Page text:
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The Pirate

The Prince Music Theater's new show based on the old MGM musical could use some more sizzle. logo
Andréa Burns and Seán Martin Hingston
in a publicity photo for The Pirate
Theatrical soufflés, like their culinary equivalents, need the right chef and the perfect ingredients to literally rise to the occasion. The Prince Music Theater's world premiere musical The Pirate, based on the 1948 MGM film starring Gene Kelly and Judy Garland, aspires to be this sensational dessert but, instead, has come out of the oven as angel food cake. It's kind of tasty but not very interesting.

While the film is considered one of MGM's lesser efforts of the period, the plot -- adapated from S.N. Behrman's 1924 play of the same title -- does provide a good basis for a lighter-than-air musical. Manuela (Andréa Burns), a sheltered young woman living in the Caribbean, dreams of romance and adventure with the dreaded pirate Macoco; but her fantasy is rudely interrupted when her Aunt Ines (Pamela Myers) promises Manuela to the town's oily mayor Don Pedro (Tom Flynn) in exchange for financial security.

Heartsick, Manuela runs away with her servant Lizarda (Aileen Goldberg) to another part of the island. There they encounter a troupe of starving actors headed by the vain yet charming Seraphin (Seán Martin Hingston), who falls madly in love with Manuela. Once he discovers -- through hypnosis -- what she really wants in a man, he decides to masquerade as Macoco. It's a wrongheaded ruse, since Macoco will be sentenced to death upon capture, and one that becomes even more problematic once Seraphin discovers that Don Pedro is the real Macoco.

As lovers of the film know, The Pirate boasted a Cole Porter score, albeit a very brief one; the best known songs from the movie are "Be a Clown" (which, frankly, is more famous as the model for "Make 'Em Laugh" in Singin' in the Rain) and "Mack the Black". Working with the Cole Porter Trust, the Prince show's conceiver, Zack Manna, has interpolated a number of Porter standards into the show, including "All of You" and "I Concentrate of You." For the most part, they fit quite snugly. Manna has also restored "Voodoo," a silly number that was cut from the film because it was once deemed too provocative.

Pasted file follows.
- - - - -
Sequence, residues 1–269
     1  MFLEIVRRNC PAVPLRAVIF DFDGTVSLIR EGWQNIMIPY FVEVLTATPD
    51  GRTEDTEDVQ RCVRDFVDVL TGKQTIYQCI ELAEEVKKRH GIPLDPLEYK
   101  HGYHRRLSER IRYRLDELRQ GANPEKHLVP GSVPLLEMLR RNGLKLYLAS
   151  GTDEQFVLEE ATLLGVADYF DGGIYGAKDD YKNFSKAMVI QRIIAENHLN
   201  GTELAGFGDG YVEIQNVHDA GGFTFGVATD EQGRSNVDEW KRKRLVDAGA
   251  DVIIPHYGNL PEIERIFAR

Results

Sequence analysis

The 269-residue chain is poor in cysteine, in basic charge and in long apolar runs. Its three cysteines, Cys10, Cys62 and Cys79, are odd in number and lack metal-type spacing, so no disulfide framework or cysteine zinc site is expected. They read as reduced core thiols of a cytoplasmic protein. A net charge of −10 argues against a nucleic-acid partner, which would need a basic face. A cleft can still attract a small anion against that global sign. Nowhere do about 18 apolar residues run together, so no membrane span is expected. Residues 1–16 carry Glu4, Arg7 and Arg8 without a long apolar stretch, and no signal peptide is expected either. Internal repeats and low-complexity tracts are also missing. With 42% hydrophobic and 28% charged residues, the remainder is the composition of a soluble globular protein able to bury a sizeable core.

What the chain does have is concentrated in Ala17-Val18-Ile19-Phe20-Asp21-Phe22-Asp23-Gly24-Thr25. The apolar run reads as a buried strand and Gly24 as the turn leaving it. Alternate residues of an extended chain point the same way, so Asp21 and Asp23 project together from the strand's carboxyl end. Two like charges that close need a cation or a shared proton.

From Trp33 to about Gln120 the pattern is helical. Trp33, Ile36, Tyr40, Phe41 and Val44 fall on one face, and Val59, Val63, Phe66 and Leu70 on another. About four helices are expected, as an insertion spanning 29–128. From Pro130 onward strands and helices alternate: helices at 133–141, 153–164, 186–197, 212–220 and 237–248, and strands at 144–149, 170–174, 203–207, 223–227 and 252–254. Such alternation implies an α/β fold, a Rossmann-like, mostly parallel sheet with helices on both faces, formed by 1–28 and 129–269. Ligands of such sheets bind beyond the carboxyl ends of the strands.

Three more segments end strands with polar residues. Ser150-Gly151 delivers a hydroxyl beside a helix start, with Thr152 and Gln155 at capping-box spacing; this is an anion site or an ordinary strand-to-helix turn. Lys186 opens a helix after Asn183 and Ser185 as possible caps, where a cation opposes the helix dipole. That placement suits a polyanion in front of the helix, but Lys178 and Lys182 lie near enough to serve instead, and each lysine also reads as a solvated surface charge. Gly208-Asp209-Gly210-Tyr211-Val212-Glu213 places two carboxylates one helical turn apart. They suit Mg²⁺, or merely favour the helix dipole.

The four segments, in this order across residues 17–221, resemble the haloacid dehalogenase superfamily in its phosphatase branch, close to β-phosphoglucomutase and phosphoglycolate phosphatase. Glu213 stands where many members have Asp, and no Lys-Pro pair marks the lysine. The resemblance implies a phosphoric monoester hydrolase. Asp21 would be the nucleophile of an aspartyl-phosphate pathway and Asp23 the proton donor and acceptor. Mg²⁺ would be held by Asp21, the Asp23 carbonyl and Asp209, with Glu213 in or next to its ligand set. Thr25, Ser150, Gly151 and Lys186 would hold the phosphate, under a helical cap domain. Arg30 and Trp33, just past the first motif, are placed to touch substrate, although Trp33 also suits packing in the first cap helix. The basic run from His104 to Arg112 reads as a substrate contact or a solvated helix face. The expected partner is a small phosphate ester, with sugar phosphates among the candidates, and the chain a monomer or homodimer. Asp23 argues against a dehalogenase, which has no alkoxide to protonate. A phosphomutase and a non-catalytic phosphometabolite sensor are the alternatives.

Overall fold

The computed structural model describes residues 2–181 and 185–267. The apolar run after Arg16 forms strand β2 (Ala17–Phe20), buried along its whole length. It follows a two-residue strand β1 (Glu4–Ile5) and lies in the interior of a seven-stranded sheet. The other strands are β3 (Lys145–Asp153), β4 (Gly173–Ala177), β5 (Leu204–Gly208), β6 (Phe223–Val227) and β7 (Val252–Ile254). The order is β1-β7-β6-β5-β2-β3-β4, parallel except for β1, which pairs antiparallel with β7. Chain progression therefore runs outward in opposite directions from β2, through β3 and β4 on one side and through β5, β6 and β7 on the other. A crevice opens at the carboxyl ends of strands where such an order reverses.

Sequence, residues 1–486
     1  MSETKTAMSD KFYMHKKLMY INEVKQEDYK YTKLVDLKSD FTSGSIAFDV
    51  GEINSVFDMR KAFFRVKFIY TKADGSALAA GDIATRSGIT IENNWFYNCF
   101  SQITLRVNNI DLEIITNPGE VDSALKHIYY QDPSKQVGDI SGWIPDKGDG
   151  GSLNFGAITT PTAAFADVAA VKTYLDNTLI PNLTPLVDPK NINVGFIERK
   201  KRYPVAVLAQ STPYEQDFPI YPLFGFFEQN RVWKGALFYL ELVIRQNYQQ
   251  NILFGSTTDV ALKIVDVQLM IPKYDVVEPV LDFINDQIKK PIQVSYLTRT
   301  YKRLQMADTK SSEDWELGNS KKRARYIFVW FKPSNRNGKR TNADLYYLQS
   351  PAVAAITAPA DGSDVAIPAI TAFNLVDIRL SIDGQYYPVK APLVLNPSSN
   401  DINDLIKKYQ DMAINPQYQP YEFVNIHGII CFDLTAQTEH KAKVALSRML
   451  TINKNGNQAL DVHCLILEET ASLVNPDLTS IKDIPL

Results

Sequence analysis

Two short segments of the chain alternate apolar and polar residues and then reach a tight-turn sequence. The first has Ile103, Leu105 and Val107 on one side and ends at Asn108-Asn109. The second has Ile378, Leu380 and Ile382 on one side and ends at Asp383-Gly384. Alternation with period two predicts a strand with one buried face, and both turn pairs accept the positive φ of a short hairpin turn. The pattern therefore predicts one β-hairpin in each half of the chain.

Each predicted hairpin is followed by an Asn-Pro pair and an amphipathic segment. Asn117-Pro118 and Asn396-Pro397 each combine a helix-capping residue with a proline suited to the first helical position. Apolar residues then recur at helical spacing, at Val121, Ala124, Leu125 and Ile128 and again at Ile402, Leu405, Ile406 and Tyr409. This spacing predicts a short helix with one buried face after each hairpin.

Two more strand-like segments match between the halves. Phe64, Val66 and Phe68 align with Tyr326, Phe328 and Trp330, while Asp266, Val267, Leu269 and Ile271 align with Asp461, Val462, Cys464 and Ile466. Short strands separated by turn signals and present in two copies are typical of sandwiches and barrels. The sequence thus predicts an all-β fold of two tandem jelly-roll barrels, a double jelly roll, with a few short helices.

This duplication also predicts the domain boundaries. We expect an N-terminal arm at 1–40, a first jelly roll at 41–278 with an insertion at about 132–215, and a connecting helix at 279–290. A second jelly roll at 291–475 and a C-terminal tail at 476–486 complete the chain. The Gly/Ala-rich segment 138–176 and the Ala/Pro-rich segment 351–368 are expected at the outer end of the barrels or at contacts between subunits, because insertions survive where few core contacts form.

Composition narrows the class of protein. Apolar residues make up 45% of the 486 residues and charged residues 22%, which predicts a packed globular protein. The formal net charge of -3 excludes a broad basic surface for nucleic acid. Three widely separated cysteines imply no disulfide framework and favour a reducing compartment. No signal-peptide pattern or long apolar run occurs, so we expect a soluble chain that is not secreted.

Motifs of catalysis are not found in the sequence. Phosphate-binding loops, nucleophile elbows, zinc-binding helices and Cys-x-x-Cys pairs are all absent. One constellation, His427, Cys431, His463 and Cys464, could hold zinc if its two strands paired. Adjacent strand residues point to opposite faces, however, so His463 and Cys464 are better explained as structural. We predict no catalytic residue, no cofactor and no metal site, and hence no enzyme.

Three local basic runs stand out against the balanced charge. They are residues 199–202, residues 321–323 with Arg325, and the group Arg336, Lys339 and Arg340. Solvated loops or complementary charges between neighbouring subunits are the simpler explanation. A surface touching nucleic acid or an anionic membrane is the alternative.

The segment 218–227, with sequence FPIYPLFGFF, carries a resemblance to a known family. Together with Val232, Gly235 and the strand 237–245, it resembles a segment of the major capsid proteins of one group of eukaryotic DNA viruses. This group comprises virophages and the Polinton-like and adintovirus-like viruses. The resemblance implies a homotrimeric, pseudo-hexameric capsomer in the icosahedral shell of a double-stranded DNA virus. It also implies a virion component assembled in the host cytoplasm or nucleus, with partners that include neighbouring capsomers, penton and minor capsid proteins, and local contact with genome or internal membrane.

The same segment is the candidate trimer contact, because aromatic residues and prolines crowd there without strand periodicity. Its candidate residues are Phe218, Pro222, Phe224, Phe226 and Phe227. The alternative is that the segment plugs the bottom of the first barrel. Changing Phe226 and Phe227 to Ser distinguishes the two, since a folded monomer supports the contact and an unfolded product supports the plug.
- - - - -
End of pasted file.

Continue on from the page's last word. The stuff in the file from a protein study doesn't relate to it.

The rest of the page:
The Pirate falls rather flat, partly because there are way too many chefs in this kitchen. Manna, a former theater marketing executive, has also written the book with David Levy, adding a completely superflous narrator called Mango Woman (played by the formidable Cheryl Freeman, sadly wasted here) and throwing in a bunch of anachronisms that get laughs despite their awkwardness. He has also written a trio of songs, with Levy and composer Brad Ross, that sound vaguely Porteresque but serve little purpose. Director Richard M. Parrison, Jr. -- who triumphed earlier this season at the Prince with Dreamgirls -- and choreographer Chase Brock do capable work, but this piece really calls for a director-choreographer like Kathleen Marshall or Casey Nicholaw to fulfill its potential. Ray Klausen's sets and Mark Mariani's costumes are fine, though it would have been nice iif they were a little more lavish.

Nor is the show as well cast as it should be. Burns is a wonderful actress with a creamy soprano -- her rendition of "Wake Up and Dream" is luxurious -- but she's a bit too mature for the virginal Manuela, and a performer with a bit more sizzle is needed to really put over "Mack the Black" (performed here in Kay Thompson's fabulous vocal arrangement). The secondary pairing of Lizarda with Seraphin's fellow troupe member Trillo (the appealing James T. Lane, soon to be seen as Richie in A Chorus Line) is a solid musical comedy idea but it's sunk by Goldberg's charmless performance.

On the plus side, Myers -- still clarion-voiced 35 years after she first belted out "Another Hundred People" in Company -- is a hoot as Inez and does a nifty job with "Most Gentleman Don't Like Love." Flynn is in fine voice and fine fettle as Don Pedro, while playwright Albert Innaurato offers a most amusing cameo as the Viceroy, who engineers the show's happy ending even if he doesn't get his own happy ending with Seraphin. But the show's true revelation is Hingston. A highly athletic dancer who has proved his terpisocherean prowess in such shows as Contact, he truly comes into his own here as a fine comedian and singer. Like a good pirate, he steals everything in sight and gets away with it.

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